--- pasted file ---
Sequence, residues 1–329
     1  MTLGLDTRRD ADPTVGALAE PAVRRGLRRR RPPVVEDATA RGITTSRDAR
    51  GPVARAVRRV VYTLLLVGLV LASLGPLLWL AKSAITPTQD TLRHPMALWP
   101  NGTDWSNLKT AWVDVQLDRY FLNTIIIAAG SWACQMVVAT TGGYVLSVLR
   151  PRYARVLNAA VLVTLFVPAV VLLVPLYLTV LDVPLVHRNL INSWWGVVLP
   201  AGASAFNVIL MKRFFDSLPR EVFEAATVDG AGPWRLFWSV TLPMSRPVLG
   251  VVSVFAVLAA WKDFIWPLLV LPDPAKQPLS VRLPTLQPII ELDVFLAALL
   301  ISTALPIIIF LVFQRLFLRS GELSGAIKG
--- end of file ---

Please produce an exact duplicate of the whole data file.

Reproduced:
Sequence, residues 1–329
     1  MTLGLDTRRD ADPTVGALAE PAVRRGLRRR RPPVVEDATA RGITTSRDAR
    51  GPVARAVRRV VYTLLLVGLV LASLGPLLWL AKSAITPTQD TLRHPMALWP
   101  NGTDWSNLKT AWVDVQLDRY FLNTIIIAAG SWACQMVVAT TGGYVLSVLR
   151  PRYARVLNAA VLVTLFVPAV VLLVPLYLTV LDVPLVHRNL INSWWGVVLP
   201  AGASAFNVIL MKRFFDSLPR EVFEAATVDG AGPWRLFWSV TLPMSRPVLG
   251  VVSVFAVLAA WKDFIWPLLV LPDPAKQPLS VRLPTLQPII ELDVFLAALL
   301  ISTALPIIIF LVFQRLFLRS GELSGAIKG